Also, I was really tickled pink with today’s Chicago Tribune article titled, “Green Choices.” Unlike most coverage of “sustainability,” author Monica Eng did a splendid job highlighting the pros and cons of different materials and situations. No reductionstic stances here! Check it out: http://www.chicagotribune.com/health/ct-met-eco-questions-20100706,0,3618266.story.

I gotta find this Monica…I am a big fan!

That’s all for today my wonderful packaging and sustainability friends. Again, I apologize for the “light” content of today’s and the previous days’ post. I promise I will bring the bull back; in the meantime, go packaging!


Greetings and Happy Friday!

Sorry I didn’t post yesterday; Thursdays’ post was just so super big I thought I would give it two days to resonate. Anywhoooooooooo, while I have been working on the PET thermoform recycling initiative, the subject of today’s post is life cycle analysis. I will bring you all up to speed with what I have learned about recycling PET thermoforms on Monday; get excited!

Most industry folk are knowledgeable of LCA—it is a technique for assessing the environmental aspects associated with a product over its life cycle. A relatively young technique, LCA became popular in the early nineties. In recent years, LCA thinking has become a key focus of policy making; it has also aided the private sphere in communicating the sustainability aspects of their operations.

Dordan engineers subscribe to COMPASS, which is the SPC’s life-cycle based environmental packaging modeling software. This software allows Dordan to compare the environmental ramifications of different packaging materials and concepts in the design-phase. Check out our COMPASS case studies at: http://www.dordan.com/sustainability_compass_case_studies.shtml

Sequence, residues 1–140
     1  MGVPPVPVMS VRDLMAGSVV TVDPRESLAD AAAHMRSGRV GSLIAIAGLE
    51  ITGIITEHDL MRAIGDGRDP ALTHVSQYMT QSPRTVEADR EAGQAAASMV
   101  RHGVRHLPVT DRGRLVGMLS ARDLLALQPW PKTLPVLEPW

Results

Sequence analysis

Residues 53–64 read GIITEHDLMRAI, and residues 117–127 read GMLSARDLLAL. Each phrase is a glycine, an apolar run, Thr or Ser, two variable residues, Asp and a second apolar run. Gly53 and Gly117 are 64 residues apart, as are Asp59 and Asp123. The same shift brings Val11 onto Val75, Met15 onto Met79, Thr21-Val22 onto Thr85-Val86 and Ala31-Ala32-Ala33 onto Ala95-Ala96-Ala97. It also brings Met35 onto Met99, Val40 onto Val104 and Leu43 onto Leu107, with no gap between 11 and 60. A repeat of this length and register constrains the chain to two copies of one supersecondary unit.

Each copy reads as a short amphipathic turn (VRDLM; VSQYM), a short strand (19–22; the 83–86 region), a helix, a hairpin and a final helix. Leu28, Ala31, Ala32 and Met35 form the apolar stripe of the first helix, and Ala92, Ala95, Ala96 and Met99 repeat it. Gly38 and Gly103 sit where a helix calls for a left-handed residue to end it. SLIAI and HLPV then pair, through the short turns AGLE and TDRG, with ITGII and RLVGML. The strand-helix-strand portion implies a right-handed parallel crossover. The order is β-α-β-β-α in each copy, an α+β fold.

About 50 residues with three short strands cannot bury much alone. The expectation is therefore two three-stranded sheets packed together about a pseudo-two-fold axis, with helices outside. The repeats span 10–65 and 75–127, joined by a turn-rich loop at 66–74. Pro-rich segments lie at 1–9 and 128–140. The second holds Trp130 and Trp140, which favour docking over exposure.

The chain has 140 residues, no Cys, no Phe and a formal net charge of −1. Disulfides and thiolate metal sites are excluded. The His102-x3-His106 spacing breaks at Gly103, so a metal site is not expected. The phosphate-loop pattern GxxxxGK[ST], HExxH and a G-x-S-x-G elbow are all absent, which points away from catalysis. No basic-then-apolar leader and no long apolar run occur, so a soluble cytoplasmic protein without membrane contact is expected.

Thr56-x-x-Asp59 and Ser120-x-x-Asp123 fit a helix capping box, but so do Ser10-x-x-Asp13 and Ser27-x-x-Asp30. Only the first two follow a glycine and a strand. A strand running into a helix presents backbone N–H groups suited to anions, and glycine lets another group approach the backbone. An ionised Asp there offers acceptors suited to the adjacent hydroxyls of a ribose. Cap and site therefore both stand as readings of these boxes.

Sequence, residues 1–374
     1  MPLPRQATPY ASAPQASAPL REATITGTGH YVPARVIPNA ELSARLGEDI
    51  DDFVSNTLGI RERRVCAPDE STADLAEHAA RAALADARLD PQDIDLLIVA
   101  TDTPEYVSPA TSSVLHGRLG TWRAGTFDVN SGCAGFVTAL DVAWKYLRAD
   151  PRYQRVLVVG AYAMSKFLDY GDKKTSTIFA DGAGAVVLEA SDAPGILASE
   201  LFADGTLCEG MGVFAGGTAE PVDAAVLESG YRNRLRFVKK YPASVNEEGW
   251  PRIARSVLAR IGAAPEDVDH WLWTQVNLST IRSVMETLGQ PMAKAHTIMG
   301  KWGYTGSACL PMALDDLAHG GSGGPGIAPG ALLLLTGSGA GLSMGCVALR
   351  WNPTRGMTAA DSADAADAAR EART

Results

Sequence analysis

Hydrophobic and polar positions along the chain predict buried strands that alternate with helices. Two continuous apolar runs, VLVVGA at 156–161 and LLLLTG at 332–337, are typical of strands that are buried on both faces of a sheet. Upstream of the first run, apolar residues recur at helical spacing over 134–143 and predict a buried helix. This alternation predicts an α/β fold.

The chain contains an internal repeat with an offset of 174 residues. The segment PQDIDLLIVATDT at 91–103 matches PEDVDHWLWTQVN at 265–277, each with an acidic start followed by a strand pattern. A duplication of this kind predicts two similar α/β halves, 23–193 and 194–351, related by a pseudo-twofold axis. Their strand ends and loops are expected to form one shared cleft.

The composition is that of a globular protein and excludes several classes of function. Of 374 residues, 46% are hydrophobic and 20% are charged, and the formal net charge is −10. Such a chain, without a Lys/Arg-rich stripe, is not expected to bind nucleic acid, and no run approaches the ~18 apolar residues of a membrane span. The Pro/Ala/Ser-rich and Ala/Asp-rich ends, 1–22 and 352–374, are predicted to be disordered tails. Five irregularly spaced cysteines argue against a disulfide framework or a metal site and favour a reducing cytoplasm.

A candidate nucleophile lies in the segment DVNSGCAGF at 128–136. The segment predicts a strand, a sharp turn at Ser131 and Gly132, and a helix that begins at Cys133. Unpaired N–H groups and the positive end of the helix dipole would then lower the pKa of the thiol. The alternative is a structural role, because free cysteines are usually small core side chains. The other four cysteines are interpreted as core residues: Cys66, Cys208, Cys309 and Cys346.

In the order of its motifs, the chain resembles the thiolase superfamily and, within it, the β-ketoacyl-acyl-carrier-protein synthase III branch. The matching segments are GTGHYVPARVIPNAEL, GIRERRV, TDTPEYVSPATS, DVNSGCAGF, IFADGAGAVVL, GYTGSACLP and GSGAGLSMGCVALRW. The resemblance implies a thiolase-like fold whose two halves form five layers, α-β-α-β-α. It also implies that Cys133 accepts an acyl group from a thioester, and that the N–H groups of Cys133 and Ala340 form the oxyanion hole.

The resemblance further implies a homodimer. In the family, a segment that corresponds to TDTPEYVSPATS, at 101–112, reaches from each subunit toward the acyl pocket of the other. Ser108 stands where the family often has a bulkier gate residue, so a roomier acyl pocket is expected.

The Walmart Scorecard is similar, but different. It can be interpreted as a LCA based tool, but more appropriately, attempts to quantify and convey the metrics associated with a “sustainable package.” Therefore it focuses primarily on package weight, as this informs the environmental performance of the package throughout the supply chain, cube utilization, distance traveled, etc.

I know there is some overlay between these different tools in regard to quantifying the environmental burden a specific packaging type has on the environment; however, I believe that they have different approaches and employ different methodologies as Walmart is looking to reduce packaging overall, while COMPASS is looking to facilitate material and design changes in the early phases of package engineering.

And enter Earthster.

Yesterday I sat in on a conference call with a representative from Earthster and SPC member companies. Here’s what I learned:

Earthster is AWSOME—super futuristic! It is, from what I understand, an open web tool that synergizes data with software in the calculation of sustainability impacts of a given product or process. By understanding the environmental impacts of the products a company buys and sells, companies can help locate “hot spots” throughout their supply chain, thereby facilitating action to alleviate said hot spots. It is important for companies to measure their “footprint” in order to establish a baseline against which to measure sustainable progress.

I know that sounds complicated; let me attempt to break it down.